Mazhar Zaidi, Farjad Nabi and Meenu Gaur with the rest of the crew members.

Zinda Bhaag (Escape Alive) revolves around the youth and their urge to find short cuts to life abroad. Farjad Nabi, Meenu Gaur and Mazhar Zaidi are the people behind the latest venture which is in its post-production phase. Dawn.com talks to the trio to know more about activities of Zinda Bhaag.

Give us a little background of the film, how did the idea come about?

Zinda Bhaag (Escape Alive) is a story about 'escaping' from the realities of everyday survival in Pakistan ...  into love, drugs, money, power and much more...

We started work on the script of Zinda Bhaag in April 2011 and the film went into production in March 2012. Having said that the story of the film has evolved over the last couple of years

What should an average movie fan expect from Zinda Bhaag?

The story is set in Lahore and about the everyday lives of young people in the city and therefore we believe that people will relate to it and enjoy the film immensely. The story of the film is accesible, entertaining and set against themes that are relevant and significant to people living in Pakistan and South Asia.

How did you go about “casting”/finding people for the film?

We conducted auditions in which about 200 young people turned up. Most of the cast was chosen from these auditions. While they had no previous acting experience, we conducted rehearsals and workshops with them for two months. One week long acting workshop was also conducted by Naseeruddin Shah, who plays one of the central characters in the film.

Farjad Nabi and Meenu Gaur with other team members.

With a lot of young people coming up, telling stories and having a sense of direction, making films seems like the new “in” thing. How do you think it can be invested upon further to make it a better professional endeavor?

More state sponsored/subsidized film courses in universities. More scholarships for film students. The film courses in private colleges and universities are too expensive and exclusive to generate a genuine film making culture.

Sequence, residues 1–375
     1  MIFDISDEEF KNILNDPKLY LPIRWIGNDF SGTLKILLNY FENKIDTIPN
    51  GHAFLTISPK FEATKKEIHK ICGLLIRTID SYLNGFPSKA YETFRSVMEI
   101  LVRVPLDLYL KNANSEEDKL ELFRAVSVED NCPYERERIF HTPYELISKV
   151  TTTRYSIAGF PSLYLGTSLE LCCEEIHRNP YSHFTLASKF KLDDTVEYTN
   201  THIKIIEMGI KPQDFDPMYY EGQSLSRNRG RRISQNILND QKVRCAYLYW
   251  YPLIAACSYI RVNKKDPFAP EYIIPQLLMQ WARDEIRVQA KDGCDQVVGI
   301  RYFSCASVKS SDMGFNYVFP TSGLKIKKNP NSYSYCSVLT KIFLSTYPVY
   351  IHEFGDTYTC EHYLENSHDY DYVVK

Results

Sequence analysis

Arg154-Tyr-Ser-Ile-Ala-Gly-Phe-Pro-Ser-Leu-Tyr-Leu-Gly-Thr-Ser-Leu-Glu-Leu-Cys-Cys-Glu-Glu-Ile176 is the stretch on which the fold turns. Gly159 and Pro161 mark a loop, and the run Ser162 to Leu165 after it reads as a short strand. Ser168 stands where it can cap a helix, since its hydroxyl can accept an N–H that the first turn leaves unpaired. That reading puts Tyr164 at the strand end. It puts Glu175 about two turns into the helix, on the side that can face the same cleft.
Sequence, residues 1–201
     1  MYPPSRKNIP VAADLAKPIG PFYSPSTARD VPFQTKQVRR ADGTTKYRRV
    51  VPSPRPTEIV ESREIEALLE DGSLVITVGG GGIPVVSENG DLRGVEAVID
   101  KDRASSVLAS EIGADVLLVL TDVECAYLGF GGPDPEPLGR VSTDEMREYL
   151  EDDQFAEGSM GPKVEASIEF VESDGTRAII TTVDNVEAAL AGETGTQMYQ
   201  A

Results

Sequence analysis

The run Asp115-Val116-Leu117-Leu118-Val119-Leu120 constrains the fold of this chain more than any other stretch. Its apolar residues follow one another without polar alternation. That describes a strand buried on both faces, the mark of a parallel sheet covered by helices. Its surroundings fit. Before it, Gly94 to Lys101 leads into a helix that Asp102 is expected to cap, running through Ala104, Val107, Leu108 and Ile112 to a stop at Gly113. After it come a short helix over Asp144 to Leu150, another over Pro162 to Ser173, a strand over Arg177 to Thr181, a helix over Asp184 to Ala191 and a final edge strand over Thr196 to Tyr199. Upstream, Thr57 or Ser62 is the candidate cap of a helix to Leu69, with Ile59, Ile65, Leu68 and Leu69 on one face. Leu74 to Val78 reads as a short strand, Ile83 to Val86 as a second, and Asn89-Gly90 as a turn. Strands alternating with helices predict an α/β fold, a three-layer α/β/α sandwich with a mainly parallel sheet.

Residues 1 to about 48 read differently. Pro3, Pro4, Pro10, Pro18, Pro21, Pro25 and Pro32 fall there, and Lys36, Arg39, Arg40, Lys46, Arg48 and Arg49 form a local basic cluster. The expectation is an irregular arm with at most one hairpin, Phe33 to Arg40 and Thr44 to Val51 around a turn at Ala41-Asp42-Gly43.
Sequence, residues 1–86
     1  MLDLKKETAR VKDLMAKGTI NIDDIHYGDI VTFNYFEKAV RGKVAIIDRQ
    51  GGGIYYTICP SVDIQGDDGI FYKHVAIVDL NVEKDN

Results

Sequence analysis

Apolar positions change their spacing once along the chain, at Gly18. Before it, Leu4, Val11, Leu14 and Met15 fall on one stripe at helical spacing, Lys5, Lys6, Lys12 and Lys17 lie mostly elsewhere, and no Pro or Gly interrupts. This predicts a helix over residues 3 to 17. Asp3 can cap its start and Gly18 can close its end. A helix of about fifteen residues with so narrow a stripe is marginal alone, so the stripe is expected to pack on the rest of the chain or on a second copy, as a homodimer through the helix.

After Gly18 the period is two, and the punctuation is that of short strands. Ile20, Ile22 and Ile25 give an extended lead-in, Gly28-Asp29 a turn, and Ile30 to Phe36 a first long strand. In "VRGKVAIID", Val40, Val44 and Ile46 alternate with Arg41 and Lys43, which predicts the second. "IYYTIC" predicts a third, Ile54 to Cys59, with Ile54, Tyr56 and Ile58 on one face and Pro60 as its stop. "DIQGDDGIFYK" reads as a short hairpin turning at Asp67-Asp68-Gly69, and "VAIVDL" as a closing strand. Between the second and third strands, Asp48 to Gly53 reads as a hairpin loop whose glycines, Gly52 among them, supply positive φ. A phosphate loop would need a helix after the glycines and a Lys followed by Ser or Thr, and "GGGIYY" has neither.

Do you think the new breed of filmmakers are recreating our long lost cinema or following Bollywood?

It is the other way around, the industry which is called ‘Bollywood’ has at its heart a style and form of filmmaking that is shared by the entire region of South Asia.

Filmmakers are influenced by many different sources – it could be Russian literature, Iranian cinema or Japanese theatre- the point is how they transform that inspiration into their own unique style of story telling.

When you look at the rough cuts of the film, how do you feel about the compilation process of it?

We have just entered the post-production phase. We are looking at the rushes nowadays and we like what we see.

What must a film have in order to captivate a mass audience?

Its difficult to delineate the elements of a good film as there are many but what is common to the films we have enjoyed as viewers is quite simply a well-told story which offers us a unique insight into the lives, events and circumstances of its characters.

What challenges does one have to face while filming?

Lack of human resources and technical infrastructure. Most filmmakers have to go abroad for post facilities which adds substantially to the overall cost of production.

How can the country invest further in this industry?

I think at the governmental or non-governmental level a state-of-the-art post facility, with digital intermediate, and colour grading facility will go a long way in encouraging filmmaking.

The writer is an Interactive Producer at Dawn.com

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